Tuesday, August 9, 2011

Irenaeus and Hippolytus vs Clement and Origen

I know that reading my blog can be annoying for some. I don't know that I can put forward a sweeping 'here it is' statement with respect to the situation in the earliest Church ('earliest' meaning late second century/early third centuries). The information is so garbled and so corrupt that we are reduced to small individual 'snapshots' of what happened in earliest antiquity and the images that appear to us are confusing and difficult to sort out.

Take for example the teacher and student relationship between Irenaeus and Hippolytus juxtaposed against that of Clement and Origen. It is assumed that Hippolytus was a faithful student of Irenaeus just as Irenaeus was faithful with respect to Polycarp a generation or so earlier. Yet there is something very different when we look to the teacher/student relationship which is alleged for Clement and Origen. No one who studies the earliest Alexandrian writers ever speaks of a continuous Alexandrian tradition flowing from St. Mark through to Clement and then this knowledge being passed on to Origen. Origen is said to have been Clement's student by Eusebius but everyone seems to think that he was an innovator of a new school of exegesis.

Yet isn't that odd? Somehow the tradition of St. Peter - i.e. 'orthodoxy' - is held to have been immaculately preserved in the example of Hippolytus an 'anti-Pope' but the tradition of St. Mark is wholly invented and proof of its non-existence is the fact that Origen's teaching don't resemble that of his teacher Clement. I guess the inference here is that Alexandrians were 'free to innovate' while the members of the Roman Church weren't.

But this is absurd. For Clement clearly implies that a tradition of St. Mark existed and at the same time he fails to recognize Origen who was already influential by the time of Clement's death (c. 225 CE). There were no letters from Clement to Origen in the library that Alexander assembled at Jerusalem even though he was a student of both men. Isn't that curious in itself?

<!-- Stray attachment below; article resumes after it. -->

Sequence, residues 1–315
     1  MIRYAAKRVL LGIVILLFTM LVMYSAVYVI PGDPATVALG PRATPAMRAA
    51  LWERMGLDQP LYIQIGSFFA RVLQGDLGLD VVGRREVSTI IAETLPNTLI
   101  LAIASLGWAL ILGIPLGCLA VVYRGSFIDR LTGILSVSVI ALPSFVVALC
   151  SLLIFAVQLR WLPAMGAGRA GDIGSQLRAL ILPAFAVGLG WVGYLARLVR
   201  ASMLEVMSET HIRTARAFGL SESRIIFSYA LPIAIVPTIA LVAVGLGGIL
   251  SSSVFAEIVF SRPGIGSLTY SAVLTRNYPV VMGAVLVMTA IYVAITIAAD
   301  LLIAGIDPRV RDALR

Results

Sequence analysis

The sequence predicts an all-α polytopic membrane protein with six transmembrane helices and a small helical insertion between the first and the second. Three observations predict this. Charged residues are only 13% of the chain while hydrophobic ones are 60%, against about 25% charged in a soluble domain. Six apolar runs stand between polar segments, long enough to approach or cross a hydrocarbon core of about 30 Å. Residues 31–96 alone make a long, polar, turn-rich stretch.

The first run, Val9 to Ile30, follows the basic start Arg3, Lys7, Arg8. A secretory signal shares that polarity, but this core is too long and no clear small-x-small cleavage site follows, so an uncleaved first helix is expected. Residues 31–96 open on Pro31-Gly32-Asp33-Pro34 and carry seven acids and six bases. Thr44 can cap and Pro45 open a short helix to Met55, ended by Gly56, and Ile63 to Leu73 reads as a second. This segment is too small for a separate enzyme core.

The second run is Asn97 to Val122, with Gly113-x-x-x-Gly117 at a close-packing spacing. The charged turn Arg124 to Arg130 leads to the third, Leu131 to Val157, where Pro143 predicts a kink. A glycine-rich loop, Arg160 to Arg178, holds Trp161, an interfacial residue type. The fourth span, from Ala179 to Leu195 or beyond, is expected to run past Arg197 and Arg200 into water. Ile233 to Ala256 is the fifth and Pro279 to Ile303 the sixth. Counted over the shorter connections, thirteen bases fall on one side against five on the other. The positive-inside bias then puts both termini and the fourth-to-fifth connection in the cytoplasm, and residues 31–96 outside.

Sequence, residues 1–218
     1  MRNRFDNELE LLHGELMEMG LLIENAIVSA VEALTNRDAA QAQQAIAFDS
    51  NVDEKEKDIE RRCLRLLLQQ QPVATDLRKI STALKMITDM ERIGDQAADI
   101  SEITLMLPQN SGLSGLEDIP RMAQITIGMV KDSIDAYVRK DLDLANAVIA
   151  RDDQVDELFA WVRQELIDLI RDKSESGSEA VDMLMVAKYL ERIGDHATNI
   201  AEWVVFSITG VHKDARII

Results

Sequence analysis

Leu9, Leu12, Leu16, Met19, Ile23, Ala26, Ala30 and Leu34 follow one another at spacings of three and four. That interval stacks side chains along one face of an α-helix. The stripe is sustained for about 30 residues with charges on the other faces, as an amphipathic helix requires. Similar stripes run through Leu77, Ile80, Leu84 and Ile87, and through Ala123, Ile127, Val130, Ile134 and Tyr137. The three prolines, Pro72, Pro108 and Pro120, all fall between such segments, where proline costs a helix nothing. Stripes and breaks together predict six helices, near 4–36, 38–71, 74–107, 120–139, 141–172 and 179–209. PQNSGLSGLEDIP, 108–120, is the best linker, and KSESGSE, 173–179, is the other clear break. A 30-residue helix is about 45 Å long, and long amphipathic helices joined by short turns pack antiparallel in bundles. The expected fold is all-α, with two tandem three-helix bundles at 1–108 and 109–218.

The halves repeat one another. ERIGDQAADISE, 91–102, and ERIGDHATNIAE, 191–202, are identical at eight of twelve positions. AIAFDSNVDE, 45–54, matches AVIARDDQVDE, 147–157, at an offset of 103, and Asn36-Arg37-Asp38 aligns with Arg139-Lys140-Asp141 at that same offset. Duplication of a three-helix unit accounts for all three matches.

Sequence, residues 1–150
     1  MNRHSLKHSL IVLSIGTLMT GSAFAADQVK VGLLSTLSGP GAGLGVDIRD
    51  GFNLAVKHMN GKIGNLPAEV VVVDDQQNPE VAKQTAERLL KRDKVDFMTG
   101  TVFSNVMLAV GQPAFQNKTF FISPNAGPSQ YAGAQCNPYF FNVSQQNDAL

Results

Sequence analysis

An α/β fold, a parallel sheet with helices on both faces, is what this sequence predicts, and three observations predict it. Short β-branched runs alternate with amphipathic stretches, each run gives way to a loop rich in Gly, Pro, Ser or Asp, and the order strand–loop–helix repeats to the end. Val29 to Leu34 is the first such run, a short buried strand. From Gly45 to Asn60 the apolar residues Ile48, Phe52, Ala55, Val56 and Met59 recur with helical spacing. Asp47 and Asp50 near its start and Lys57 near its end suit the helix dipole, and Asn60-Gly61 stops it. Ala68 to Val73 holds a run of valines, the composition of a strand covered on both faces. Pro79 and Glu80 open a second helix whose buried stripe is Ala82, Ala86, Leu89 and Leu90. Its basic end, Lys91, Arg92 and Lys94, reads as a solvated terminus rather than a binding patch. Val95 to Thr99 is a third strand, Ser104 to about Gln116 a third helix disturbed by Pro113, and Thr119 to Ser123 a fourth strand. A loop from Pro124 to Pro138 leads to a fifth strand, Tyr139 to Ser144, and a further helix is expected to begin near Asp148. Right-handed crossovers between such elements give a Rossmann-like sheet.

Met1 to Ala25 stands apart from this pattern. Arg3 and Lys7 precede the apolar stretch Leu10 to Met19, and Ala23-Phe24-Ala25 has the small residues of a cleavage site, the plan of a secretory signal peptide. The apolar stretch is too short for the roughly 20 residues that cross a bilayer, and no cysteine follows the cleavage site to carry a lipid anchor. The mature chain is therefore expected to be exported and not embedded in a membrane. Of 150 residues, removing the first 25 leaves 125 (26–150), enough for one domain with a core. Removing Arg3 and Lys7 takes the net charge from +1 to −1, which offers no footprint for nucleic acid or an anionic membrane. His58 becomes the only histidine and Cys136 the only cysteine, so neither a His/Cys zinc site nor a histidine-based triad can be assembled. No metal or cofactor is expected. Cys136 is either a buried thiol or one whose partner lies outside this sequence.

Now we don't know exactly where Clement ended up. He seems to have left Alexandria some time around the beginning of the third century and stayed for a while in Palestine thereafter. We also know that Origen leaves Alexandria around 215 CE and also makes his home there. Yet those two lines never seem to intersect which is odd because I have found, as a Canadian living in America, that whenever I come across another Canadian expatriate in 'the States' I immediately have a bond with that person (no matter how superficial that bond may be).

Why don't two Alexandrians living in the 'Wild West' of Palestine (so-called because there seems to be no established episcopal tradition after the Bar Kochba revolt) immediately become best of friends? Certainly there are a lot of circumstances which might account for two leading figures of the Alexandrian Church not recognizing one another or not coming together in Judea, but nobody seems to wonder whether such a 'coming together' could even be possible. There are such pronounced differences between the beliefs of the two men that one could only imagine that Clement would have felt that Origen was something of a heretic.

Now the idea that Origen was a heretic is already established very early in the Patristic tradition. Yet do we have to assume that because Clement and Origen were from Alexandria that they liked each other? Hippolytus and Callixtus were both from Rome and they hated one another. I can't help but suspect that the lack of any correspondences between Clement and Origen is very significant. After all our understanding of who Origen was has clearly been 'purified' by apologists like Eusebius. The way Eusebius pulls a line out of one letter of Alexander of Jerusalem and suddenly everyone thinks everything is honky dory between the two.